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Essex Para honours relative in D-Day 75 jump

PUBLISHED: 19:15 05 June 2019 | UPDATED: 19:15 05 June 2019

The medals earned by Colonel Andrew Jackson's wife Kate's great-uncle Lieutenant Richard Price, who parachuted as part of the D-Day invasion Picture: Gareth Fuller/PA Wire

The medals earned by Colonel Andrew Jackson's wife Kate's great-uncle Lieutenant Richard Price, who parachuted as part of the D-Day invasion Picture: Gareth Fuller/PA Wire

Colonel Andrew Jackson, deputy commander of 16 Air Assault Brigade at Colchester, parachuted into Normandy clutching the medals earned by a relative who fought on D-Day 75 years ago

Colonel Andrew Jackson, deputy commander of 16 Air Assault Brigade, holds the medals earned by his wife Kate's great-uncle Lieutenant Richard Price, who parachuted as part of the D-Day invasion Picture: Gareth Fuller/PA WireColonel Andrew Jackson, deputy commander of 16 Air Assault Brigade, holds the medals earned by his wife Kate's great-uncle Lieutenant Richard Price, who parachuted as part of the D-Day invasion Picture: Gareth Fuller/PA Wire

He jumped today at Sannerville - where British airborne forces landed on the night of June 5 ahead of the beach landings - holding the medals earned by his wife Kate's great-uncle Lieutenant Richard Prince.

He jumped in on D-Day as part of the 7th (Light Infantry) Parachute Battalion.

Lt Prince's unit had the mission of relieving the glider troops who had captured Pegasus Bridge.

He was injured a few days into the campaign but survived the war and later served in Palestine and Malaya.

Col Jackson was one of the first to jump from a Dakota before two fearless D-Day veterans aged in their 90s follow in a tandem jump later on.

The service medals he held earned by Lt Prince include the 1939-1945 star, the France and Germany star for the 1944-1945 campaign, defence and victory medals, as well as the general service medal for his work in Palestine.

Col Jackson said: "He came in on D-Day and was wounded in action on June 17.

"I've got his medals with me and my father-in-law asked me if I would jump them in 75 years after the owner first arrived here. It's a real pleasure and honour to do that.

"My wife will be in the drop zone today to see it.

"The opportunity to jump from the Battle of Britain Memorial Flight Dakota is just something else.

"There are so few left flying and they are so precious.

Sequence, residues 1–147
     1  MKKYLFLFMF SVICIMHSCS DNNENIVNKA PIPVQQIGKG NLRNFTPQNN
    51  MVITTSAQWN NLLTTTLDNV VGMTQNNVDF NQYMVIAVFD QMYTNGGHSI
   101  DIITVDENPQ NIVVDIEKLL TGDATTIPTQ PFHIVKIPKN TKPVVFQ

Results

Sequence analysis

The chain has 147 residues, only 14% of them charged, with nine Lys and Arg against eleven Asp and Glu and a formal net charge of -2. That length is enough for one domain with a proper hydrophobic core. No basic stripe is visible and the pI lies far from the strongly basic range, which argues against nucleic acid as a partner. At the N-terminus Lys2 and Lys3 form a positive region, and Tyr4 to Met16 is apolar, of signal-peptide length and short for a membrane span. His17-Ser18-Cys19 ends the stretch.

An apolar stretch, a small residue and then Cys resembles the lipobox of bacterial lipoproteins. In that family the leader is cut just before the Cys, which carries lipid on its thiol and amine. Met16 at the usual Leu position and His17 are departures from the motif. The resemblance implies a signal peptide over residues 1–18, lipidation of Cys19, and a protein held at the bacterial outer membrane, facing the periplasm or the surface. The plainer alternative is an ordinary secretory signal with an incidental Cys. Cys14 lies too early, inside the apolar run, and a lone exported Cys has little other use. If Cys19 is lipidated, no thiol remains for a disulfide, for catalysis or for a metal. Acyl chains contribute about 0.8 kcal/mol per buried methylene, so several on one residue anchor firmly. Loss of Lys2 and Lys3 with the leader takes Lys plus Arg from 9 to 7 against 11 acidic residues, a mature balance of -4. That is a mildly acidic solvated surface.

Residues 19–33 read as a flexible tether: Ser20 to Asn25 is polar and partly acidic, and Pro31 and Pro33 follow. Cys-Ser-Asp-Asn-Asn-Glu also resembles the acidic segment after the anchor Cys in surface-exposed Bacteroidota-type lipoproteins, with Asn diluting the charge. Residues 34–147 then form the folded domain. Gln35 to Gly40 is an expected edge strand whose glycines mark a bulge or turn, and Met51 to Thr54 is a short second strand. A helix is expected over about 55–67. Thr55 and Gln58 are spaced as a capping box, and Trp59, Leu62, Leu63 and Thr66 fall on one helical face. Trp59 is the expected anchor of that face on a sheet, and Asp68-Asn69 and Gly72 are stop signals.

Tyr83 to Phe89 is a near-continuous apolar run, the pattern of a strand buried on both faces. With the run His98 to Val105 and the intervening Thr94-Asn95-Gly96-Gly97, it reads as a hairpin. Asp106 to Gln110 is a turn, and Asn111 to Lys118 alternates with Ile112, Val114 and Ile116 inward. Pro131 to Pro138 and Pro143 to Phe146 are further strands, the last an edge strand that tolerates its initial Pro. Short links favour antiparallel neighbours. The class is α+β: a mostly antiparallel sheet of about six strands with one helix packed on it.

"Today is all about the veterans who make it what it is within our history."

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The D-Day vetarans jumping with him were Harry Read, 95, and 94-year-old John Hutton.

Col Jackson had huge praise for the veterans, saying: "I think it's pretty brave of them, to say the least.

"It's a real privilege to have these guys out here.

"As they have got older, fewer and fewer have been able to parachute."

Now a retired Salvation Army officer living in Bournemouth, Dorset, Mr Read was a 20-year-old wireless operator with the Royal Signals who had a battery the size and weight of a toolbox strapped to his right leg when he was pushed out of the plane in the early hours of June 6, 1944.

Mr Hutton - known by his friends as Jock - was 19 when he served in the 13th Lancashire Parachute Battalion.

Along with around 280 paratroopers, the pair boarded a Dakota aircraft in Duxford, Cambridgeshire, and flew over Suffolk and Essex en route to Sannerville with the Parachute Regiment's famous Red Devils display team to perform a tandem jump.

They landed in the fields used as a drop zone for the 8th (Midlands) Parachute Battalion, who went on to destroy bridges in a bid to restrict German movements.

Flight Lieutenant Paul Wise, who was piloting the Dakota leading the fleet of aircraft before dropping the military parachutists, said of the veterans: "It shows the strength, courage, determination, camaraderie - everything we are all about.

"We want to show the next generation what these gentlemen did."

Seb Cox, chief historian for the Royal Air Force, said paratroopers played a vital role in Operation Overlord by ensuring the beaches had safe exits for soldiers and also taking hold of all the bridges so they could advance while causing "havoc" for the enemy.

He said: "This caused such a confusion and panic for the Germans.

"If they didn't hold the bridges, there were barriers preventing them from advancing.

"One of the things people don't understand about D-Day - they think it's just about June 1944 and landing craft on the beaches.

"But for the air force, the Battle of Normandy started in March. They had already suffered 12,000 casualties by this time (D-Day)."

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